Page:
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Yang Mulia Che’ Puan Khaleeda is married to the Crown Prince of Johor, Tunku Ismail and is definitely one of my favourite Malaysian royals. Not only is she smart, beautiful and kind, she is also proud of her tan skin. In this Instagram post, Che’ Puan Khaleeda recounted her experience growing up as a tanned girl and it’s definitely something a lot of us can relate to. “Growing up, I’ve been told that I am ‘hitam’ and that I am just average in the standards of beauty. Never let society define what beauty really is because beauty comes in all forms.”

Iman Mohamed Osman Yagoub

Half-Sudanese and half-Malay model Iman Mohamed Osman has got to be one of the most gorgeous girls within the local fashion and beauty scene. However, things haven’t always been smooth sailing for Iman. Just over a month ago, following Orgga Malaysia’s #beautybeyondcolour campaign Iman that fronted, had her deep complexion targeted for being “not so beautiful” by netizens. But that’s never going to stop Iman from moving forward. Just look at her decked in Wanderlust + Co’s 2019 resort collection, serving us some Naomi Campbell realness.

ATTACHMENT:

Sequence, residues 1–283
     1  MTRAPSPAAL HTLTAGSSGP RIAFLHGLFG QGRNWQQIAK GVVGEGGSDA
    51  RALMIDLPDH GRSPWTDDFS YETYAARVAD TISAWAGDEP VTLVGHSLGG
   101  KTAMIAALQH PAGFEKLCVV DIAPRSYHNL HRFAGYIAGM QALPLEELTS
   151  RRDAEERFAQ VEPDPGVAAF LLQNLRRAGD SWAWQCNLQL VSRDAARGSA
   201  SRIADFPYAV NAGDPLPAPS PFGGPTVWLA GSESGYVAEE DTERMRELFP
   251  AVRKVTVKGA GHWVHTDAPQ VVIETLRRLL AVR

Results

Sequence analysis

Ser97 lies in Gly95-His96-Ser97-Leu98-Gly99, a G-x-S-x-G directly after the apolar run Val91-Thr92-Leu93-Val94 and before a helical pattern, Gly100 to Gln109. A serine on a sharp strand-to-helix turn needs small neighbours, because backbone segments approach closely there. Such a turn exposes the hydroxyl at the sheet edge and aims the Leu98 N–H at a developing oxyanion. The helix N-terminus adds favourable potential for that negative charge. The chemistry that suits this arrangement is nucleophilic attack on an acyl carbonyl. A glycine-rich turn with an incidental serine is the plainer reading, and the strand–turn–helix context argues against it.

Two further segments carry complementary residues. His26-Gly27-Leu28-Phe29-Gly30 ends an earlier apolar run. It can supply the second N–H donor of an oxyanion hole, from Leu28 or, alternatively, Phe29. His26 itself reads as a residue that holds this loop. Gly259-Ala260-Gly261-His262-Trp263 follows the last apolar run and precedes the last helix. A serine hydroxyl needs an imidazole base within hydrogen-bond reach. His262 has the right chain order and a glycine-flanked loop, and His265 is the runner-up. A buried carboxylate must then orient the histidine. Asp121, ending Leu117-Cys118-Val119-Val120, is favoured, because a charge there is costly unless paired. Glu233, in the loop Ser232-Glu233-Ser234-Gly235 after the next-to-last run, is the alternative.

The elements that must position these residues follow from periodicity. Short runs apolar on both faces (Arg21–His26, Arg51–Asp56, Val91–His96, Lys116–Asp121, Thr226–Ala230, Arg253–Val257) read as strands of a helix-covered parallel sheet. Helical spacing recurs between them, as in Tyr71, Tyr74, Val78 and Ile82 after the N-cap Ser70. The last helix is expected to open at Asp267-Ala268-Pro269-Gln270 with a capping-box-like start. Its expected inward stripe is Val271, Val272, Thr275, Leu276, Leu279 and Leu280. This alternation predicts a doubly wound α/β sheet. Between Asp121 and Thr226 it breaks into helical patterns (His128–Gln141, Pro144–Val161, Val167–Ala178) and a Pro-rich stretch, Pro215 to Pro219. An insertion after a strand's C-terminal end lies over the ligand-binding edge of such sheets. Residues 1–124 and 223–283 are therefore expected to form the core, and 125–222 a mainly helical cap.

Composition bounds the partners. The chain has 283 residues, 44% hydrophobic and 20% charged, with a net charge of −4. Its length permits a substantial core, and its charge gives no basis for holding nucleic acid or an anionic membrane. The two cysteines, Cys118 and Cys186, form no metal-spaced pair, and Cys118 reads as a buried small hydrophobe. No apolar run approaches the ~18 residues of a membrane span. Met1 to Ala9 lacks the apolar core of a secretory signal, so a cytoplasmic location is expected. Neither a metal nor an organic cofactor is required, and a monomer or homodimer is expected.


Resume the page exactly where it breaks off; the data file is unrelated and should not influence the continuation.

Nabila Huda

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If you can’t find actress Nabila Huda on a film set, chances are she’s on her way to explore a faraway place. Despite her many trips under the sun, Abil fails to see the need for whitening creams in her routine – and I absolutely love her for that. “I love going to the islands. People tell me I’m unique and special, because of my different skin tone. I know many people strive to get lighter skin, but I’m not wasting my money on whitening products.”

Shangkharee Nadarajan